Waste not: How businesses can turn a profit from poo | Source: CGIAR, Mar 10, 2016 |
By Miriam Otoo, Krishna Chaitanya Rao, Kalanithy Vairavamoorthy, and Marianne Gadeberg
A clean and private toilet is something a lot of us take for granted, but for thousands of people living in the slums of Rwandan capital Kigali, safe sanitation was long a luxury out of reach.
Rwanda Environment Care (REC) constructs eco-san toilets in public places in Kigali. Photo Credit: Eugene Dusingizumuremyi.
In the past, these communities had no other option than to use either pit latrines, often full and overflowing, or flying toilets, essentially plastic bags serving as single-use toilets and then tossed to the wayside. Naturally, the absence of proper sanitation was a daily nuisance, causing both pollution and disease.
From sanitation challenge to business opportunity
Many megacities across Africa and Asia are bogged down by similar issues, and while proper sewage systems would be the ideal solution, there is virtually no chance of realizing such systems in the next few decades. But what if sanitation and waste challenges in urban centers could be turned into profitable business ventures?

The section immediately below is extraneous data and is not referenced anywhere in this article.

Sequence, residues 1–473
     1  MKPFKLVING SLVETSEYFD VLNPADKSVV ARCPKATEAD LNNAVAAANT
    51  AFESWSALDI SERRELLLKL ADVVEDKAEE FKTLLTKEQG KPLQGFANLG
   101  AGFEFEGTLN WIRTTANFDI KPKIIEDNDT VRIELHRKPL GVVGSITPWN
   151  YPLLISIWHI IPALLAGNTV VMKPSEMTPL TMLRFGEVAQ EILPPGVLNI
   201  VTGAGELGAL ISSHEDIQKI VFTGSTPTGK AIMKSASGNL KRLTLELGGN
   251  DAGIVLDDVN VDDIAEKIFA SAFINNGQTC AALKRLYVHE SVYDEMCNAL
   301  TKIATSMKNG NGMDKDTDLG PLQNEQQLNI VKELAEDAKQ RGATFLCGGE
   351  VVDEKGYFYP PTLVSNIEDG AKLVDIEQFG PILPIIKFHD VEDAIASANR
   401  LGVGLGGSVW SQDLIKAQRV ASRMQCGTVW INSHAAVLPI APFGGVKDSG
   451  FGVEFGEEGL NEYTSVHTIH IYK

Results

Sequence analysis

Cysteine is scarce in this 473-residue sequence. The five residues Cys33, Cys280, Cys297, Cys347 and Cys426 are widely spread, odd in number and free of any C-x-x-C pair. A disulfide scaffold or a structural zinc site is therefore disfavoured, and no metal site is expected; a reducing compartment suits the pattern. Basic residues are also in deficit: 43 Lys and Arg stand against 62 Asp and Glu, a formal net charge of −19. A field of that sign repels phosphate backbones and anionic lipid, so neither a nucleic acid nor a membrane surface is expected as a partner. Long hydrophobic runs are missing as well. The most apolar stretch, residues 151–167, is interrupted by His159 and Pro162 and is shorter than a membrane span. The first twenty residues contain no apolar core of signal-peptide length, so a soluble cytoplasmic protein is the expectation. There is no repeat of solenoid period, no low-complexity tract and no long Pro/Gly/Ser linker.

In Kigali, Rwanda Environment Care (REC), now a privately owned company, recognized that the high demand for sanitation in cities coincided with an equally high demand for fertilizer among farmers throughout the country – and that the two could be combined to make up a viable business.
Now, REC builds and operates public ecological sanitation (eco-san) toilets and uses the collected fecal sludge to produce organic fertilizer and compost for sale to farmers. The revenue from sale of compost is complemented by fees paid for use of the public toilets, rental income from kiosks and shops nearby, and consultation services on how to construct eco-san latrines offered to other entrepreneurs. In total, the revenues are great enough to cover routine repairs and staff salaries.
REC’s new eco-san latrines in Kigali have not only improved quality of life for local people, they also contribute to a cleaner and healthier environment. As an added benefit, the increased supply of organic, environmentally friendly compost is expected to reduce the use of chemical fertilizers, furthering sustainable farming.
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